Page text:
The Cutest Cadet
Cadet Jim Jenkins stands at attention while wearing the dress gray tunic and white trousers required at West Point in 1953. His wife, Barb Jenkins, still has the uniform hanging in her closet in Manitowoc, WI. “He was the cutest guy in our eighth-grade class,” she recalls about their early days in nearby Green Bay.
Olive Drab Wool Serge
This waist-cropped Eisenhower jacket, right, belonged to Sgt. Raymond I. Tevault, who served in the Army from 1942 to 1946. The jacket came to Michael Tevault of Murfreesboro, TN, after his father died in 1970. Wearing a different jacket, Raymond points to a bald tire, below. “New tires were impossible to get because of the war,” Michael says. “You just basically patched them and prayed.”
High School Uniform
Marjorie Wolters of Portis, KS, is shown in 1947 wearing her Smith Center High School uniform. “I thought we looked great in them when we performed as a group,” Marjorie writes. “I was happy to wear this uniform at my 25th and 50th annual alumni get-togethers.”
What To Wear
The military’s strict guidelines about appearance applied to the Women’s Army Air Corps during WWII when Ruth served. Uniforms included wool olive drab for winter service and khaki cotton, shown here, for summer service.
Women in Uniform
Ruth Morgan struts her stuff as part of the Women’s Army Air Corps near Portland, OR, where she met and married her husband. Years later, her grandson’s wife, Laci Gausnell, models the olive green WWII uniform and garrison cap. “The best part of having her uniform is sharing it with my children, grandchildren and great-grandchildren,” writes Ruth’s daughter, Patricia Gausnell of Roseburg, OR.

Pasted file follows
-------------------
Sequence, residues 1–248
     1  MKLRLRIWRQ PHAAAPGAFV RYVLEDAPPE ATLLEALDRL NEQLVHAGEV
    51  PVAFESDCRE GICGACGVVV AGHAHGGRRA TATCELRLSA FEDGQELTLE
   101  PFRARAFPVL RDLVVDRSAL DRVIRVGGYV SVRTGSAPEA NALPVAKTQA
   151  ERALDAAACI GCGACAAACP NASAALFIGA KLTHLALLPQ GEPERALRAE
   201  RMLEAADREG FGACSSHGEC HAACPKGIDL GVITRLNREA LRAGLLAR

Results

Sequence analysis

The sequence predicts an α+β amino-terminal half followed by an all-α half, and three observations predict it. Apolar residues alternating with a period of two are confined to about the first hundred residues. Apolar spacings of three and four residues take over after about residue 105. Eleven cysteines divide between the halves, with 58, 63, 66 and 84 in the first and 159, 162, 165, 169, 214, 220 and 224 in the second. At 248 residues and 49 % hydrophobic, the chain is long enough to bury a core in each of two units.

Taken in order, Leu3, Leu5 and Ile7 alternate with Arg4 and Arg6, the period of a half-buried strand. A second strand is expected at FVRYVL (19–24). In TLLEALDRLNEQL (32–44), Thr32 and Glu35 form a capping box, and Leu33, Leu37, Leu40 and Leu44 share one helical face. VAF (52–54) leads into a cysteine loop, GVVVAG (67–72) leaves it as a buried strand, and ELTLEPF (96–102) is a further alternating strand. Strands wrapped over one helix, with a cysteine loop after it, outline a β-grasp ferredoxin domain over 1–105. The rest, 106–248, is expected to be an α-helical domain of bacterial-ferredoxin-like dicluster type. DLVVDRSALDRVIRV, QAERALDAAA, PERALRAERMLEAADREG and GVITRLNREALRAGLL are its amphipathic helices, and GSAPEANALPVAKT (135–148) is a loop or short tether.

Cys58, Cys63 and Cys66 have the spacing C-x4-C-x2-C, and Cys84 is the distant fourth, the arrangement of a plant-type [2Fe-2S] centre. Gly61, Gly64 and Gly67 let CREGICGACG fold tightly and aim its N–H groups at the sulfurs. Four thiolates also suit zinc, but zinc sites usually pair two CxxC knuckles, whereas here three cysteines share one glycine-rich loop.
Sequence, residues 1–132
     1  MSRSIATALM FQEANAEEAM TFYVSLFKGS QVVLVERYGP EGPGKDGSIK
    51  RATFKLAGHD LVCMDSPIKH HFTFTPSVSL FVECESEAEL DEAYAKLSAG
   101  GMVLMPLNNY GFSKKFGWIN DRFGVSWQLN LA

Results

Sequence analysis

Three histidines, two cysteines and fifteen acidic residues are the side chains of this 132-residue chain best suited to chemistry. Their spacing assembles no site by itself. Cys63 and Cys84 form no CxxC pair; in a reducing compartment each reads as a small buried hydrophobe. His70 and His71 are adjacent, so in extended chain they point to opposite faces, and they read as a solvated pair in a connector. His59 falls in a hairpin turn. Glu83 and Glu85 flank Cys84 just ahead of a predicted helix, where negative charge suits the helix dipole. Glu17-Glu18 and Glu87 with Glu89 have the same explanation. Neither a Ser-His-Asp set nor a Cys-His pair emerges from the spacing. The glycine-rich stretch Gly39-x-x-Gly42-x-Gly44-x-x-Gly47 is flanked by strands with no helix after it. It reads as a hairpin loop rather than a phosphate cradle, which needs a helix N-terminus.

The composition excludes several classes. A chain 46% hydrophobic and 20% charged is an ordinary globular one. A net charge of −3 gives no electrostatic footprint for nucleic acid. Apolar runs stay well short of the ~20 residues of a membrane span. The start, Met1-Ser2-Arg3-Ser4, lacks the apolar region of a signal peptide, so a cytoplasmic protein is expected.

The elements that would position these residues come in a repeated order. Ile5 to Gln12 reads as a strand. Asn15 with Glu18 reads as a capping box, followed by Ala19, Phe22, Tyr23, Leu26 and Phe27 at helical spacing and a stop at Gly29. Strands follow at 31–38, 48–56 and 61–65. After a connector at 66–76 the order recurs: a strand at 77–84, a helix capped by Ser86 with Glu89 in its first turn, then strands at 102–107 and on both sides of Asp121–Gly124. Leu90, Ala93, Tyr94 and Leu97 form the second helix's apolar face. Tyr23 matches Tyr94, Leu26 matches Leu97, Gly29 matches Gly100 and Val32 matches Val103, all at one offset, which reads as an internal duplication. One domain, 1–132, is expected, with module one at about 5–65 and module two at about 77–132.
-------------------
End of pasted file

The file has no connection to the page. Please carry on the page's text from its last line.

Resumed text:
Six-year-old Marilyn Vileta Hicks, left, smiles in a 1943 portrait taken for her father, who would soon be leaving his family to serve in World War II. Her granddaughter Jillian Hicks, above, wears the same flour-sack dress (made by Marilyn’s mother, Marie K. Vileta) at age 6 in 2005. “Seeing her in that dress brought me warm thoughts,” Marilyn writes from Marshalltown, IA.
A Dress Made for a Boy
“My grandmother made a baby dress and slip in anticipation of having a daughter,” says Jerri Sue de Cordova Fox of Enid, OK. Instead, Ella Sherrill deCordova gave birth to Kenneth (Jerri Sue’s father) 100 years ago on Jan. 9, 1917. Eventually, both Kenneth’s granddaughter Jill Elaine Jones Dry, near right in 1983, and his great-granddaughter Lily Gabriella Dry, far right in 2010, wore Grandma Ella’s handmade outfit.
Coat and a Hat to Match
Earleen Sunday Johnson, 3, below, sports a pink coat and matching hat bought by her grandmother in 1958 at Hein’s Department Store in Waukegan, IL. Earleen’s mother, Betty Sunday, saved the coat for the toddler’s future daughters to wear. “Well, I had four wonderful sons,” says Earleen, who now lives in Libertyville, IL. “The beautiful coat that my mom so carefully preserved for more than 50 years finally was unwrapped and worn by my granddaughters.” One of them, Haley, is shown clutching her stuffed lamb.
Beautifully Handmade to Last for Years
For 70 years, Levenia Coats of Sulphur, LA, and her family have taken turns wearing a dainty sky blue dress. Levenia, age 5, above, wears the dress crocheted for her by her Aunt Laura, followed by granddaughter Hailey in 1997, and great-granddaughter Ella in 2015.